• Farm Fresh Rhode Island: A hub for fresh, healthy food and a list of Farmers Markets in Rhode Island. Most of the Rhode Island Farmers market will accept Fresh Bucks (purchased w/ your credit card or SNAP / EBT card at the Farm Fresh RI table) and SNAP and WIC Benefits. Visit http://www.farmfreshri.org/about/freshbucks.php for list of participating markets.
  • RI Dept of Human Services
    Food assistance is available from the Supplemental Nutrition Assistance Program (SNAP) formerly known as the Food Stamp Program. Details on eligibility and the program found on the RI Dept of Human Services website.


  • Click on the chef’s hat for summer recipes: Quick Pickles, Blackberry Claflouti, and Pea Pesto Crostini.


  • To Market, to Market by Nikki McClure
    Alternating between story and fact, this beautifully crafted picture book follows a mother and son to the weekly market. As they check off items on their shopping list, the reader learns how each particular food was grown or produced, from its earliest stages to how it ended up at the market.
    Age Level: 4 and up
  • Max Goes to the Farmers’ Market (Read-It! Readers: The Life of Max Red Level)
    Part of the first reader series, this book tells the simple story about a boy and his mother shopping at the farmers’ market. Encourages preschoolers to point at the fruits, vegetables, and flowers, name them, count them, and talk about the colors.
    Ages: Preschool-Kindergarten
  • Money Math with Sebastian Pig and Friends at the Farmer’s Market by Jill Anderson and illustrated by Amy Huntington
    A picture book about a trip to the farmer’s market with Sebastian Pig and Louie introduces children to the concept of money. The book helps teach elementary children how to recognize and learn the values of pennies, nickels, dimes, and quarters and the dollar bill.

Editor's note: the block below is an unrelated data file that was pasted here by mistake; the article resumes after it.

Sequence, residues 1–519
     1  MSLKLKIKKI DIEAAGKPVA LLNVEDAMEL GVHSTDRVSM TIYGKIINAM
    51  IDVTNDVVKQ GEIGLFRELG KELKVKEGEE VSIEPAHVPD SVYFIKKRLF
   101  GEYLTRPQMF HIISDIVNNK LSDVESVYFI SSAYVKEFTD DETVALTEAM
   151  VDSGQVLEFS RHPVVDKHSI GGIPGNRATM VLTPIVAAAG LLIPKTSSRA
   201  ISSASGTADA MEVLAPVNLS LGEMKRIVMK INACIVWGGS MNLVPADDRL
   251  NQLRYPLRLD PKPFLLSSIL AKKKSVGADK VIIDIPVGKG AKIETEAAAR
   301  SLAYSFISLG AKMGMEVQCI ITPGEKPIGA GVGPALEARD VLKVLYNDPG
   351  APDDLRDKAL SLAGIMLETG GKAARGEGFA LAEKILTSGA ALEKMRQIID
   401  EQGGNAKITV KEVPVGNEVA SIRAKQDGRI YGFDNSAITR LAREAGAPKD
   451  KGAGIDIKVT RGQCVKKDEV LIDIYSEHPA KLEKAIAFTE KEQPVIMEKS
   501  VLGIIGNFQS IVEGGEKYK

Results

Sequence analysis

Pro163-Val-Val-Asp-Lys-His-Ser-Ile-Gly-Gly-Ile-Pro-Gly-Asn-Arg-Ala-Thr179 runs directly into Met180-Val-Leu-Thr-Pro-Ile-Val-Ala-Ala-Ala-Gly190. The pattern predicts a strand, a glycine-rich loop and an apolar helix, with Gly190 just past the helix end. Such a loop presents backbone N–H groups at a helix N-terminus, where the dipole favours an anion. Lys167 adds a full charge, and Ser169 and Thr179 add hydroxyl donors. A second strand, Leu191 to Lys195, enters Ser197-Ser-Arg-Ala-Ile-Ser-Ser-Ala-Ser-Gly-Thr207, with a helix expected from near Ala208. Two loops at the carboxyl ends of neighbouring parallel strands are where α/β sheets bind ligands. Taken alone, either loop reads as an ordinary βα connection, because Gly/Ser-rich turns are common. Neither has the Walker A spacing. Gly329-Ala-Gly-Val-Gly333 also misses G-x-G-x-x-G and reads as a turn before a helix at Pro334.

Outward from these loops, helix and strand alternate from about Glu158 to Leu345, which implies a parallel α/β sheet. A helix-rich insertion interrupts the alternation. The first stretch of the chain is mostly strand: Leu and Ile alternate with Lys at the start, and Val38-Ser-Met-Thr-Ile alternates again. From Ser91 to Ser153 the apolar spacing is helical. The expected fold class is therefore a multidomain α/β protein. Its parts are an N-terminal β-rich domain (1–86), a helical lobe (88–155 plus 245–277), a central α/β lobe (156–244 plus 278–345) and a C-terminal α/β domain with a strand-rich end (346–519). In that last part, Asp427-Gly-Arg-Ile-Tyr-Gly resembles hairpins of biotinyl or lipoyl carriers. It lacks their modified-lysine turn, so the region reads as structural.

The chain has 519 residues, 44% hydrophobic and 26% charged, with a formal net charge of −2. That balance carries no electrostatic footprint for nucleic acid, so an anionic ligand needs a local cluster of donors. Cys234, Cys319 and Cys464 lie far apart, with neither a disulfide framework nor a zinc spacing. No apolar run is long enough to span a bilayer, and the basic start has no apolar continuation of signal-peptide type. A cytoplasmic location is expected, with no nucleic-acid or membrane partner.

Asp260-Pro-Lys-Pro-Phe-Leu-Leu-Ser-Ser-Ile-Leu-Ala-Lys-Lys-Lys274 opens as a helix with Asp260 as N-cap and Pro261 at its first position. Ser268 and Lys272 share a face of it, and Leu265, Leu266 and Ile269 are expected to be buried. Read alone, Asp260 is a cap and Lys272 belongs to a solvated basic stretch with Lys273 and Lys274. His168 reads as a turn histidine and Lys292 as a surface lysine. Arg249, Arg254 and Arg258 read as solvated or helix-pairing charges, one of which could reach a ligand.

Ages 4 and up
  • Olga’s Cup and Saucer: A Picture Book with Recipes by Olga Bravo
    In a spunky tale that features five original recipes, Nickel Penny wants to be a baker and spends all summer learning how, at Olga’s Cup and Saucer, a bakery that sits next to a farm stand on the edge of the road.
    Age Level: 7 and up
  • At the Farmers’ Market with Kids: Recipes and Projects for Little Hands by Leslie Jonah and Ethel Brennan. Photography by Sheri Giblin.
    This book profiles the fruits and vegetables available at most farmers markets, explaining how to tell which ones are ripe and how to store them. With age-specific tips that cater to children of all ages, plus 65 nutritious and kid-pleasing recipes to put your farmers market spoils to use, this cookbook makes it easy for everyone in the family to eat healthfully and live well.
    Age Level: All ages


Category: community, family matters, food + recipes, high school age, kids, preschool, teens (13 +), tweens

Anisa Raoof

about the author ()

Anisa Raoof is the publisher of Kidoinfo.com. She combines being a mom with her experience as an artist, designer, psych researcher and former co-director of the Providence Craft Show to create the go-to spot for families in Rhode Island and beyond. She loves using social media to connect parents with family-related businesses and services and promoting ways for parents to engage offline with their kids. Anisa believes in the power of working together and loves to find ways to collaborate with others. An online enthusiast, still likes to unplug often by reading books and magazines, drawing, learning to knit, making pop-up books with her two sons and listening to records with her husband.